Academy Award-winning director Oliver Stone told the Australian Broadcasting Corporation in an interview that President Donald Trump’s presidency has been a “disaster” and that America “is sleepwalking toward a nuclear nightmare.”
“This is a little too early to tell if Trump lasts, but it seems he’s not to be the kind of president who plans, who deliberates,” Stone said in an interview, according to a Hill report.
The director made headlines in April when he bashed the president’s decision to launch 59 tomahawk missiles at a Syrian airfield – the type of militaristic solution he promised to avoid during the campaign.
Stone recently sat down with Russian leader Vladimir Putin for a four-part documentary called “the Putin Interviews,” which will appear on Showtime later this year.
During their time together, Stone says he asked Putin about the accusations that he personally oversaw a Russian effort to meddle in the US election, nd that the Russian leader answered “brightly” – though Stone stopped short of revealing what was said.
“Stone says he asked Putin about Moscow’s election meddling: “He answered very clearly, and I asked him repeatedly as it has become a big issue in the West and I think he answered very brightly, intelligently. I can’t tell you what he said, watch it for yourself and make your own judgment.”
Americans, Stone says, “are not listening” to Putin.
For his part, Stone says he has never trusted US intelligence agencies, and that he worries US media and US politicians gave already poisoned Americans against Russia’s leader.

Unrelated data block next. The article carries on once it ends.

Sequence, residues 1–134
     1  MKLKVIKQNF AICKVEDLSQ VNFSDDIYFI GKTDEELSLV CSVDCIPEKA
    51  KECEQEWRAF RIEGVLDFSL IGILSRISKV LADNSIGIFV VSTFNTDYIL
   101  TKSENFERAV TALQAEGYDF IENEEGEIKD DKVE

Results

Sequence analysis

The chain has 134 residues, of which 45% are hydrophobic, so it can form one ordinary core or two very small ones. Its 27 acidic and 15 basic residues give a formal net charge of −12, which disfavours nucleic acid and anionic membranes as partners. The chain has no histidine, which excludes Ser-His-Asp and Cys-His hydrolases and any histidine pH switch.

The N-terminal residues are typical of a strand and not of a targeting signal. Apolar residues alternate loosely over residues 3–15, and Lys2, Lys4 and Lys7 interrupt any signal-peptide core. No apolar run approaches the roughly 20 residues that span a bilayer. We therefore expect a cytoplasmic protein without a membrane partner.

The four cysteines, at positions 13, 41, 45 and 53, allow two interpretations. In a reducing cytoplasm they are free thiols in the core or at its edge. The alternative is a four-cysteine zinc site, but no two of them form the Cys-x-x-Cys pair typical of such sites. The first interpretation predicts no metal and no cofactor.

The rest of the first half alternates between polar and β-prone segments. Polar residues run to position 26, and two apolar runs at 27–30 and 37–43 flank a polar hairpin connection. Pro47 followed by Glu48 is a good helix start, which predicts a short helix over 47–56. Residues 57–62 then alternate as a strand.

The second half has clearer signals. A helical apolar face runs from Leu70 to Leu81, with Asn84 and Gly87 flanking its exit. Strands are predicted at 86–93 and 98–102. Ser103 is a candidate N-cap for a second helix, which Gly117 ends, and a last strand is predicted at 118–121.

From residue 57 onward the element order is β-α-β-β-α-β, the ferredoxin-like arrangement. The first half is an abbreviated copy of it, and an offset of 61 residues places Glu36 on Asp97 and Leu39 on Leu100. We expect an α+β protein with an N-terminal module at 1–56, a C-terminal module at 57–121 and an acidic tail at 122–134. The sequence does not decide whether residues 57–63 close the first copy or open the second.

“What worries me is that we’re reaching a dangerous threshold — we’ve probably reached it already — where the Western media and Western politicians have insulted him repeatedly, have said it’s ‘Putin’s Russia.'”
Stone, 70, says he has “always questioned” U.S. intelligence agencies, telling the Australian TV program, “The CIA has always been a very dicey operation.”
“The Iraq war, the information they gave [then-President George W. Bush,] seems to be politicized intelligence in order to justify weapons of mass destruction. Again and again, we see instances where the intelligence services, not just the CIA but the NSA too, and the FBI, have made huge mistakes and we’ve paid the price.”
In the end, it’s in both the US and Russia’s benefit for the two powers to get along because, as Stone notes, they have several important “shared interest.
The U.S. needs a “strong alliance” with Russia, Stone says, and could find common ground on some subjects, like terrorism.
“The world is in a very dangerous position and terrorism is an issue on which we both agree.”
Finally, we note that the director has made films or biopics about a series of US presidents – JFK, Nixon and George W Bush – but for now has no plans to focus his creative skills on Mr. Trump.
“If the Trump story may right now be a story about a man who is enamoured of consumerism or materialism and wants success at any cost, like Nixon a bit, and comes to the office willing to barter what is left of his soul in order to become president, possibly there is an angle there, but you know I’m not there yet.
“Let’s let some years go by and see what happens.”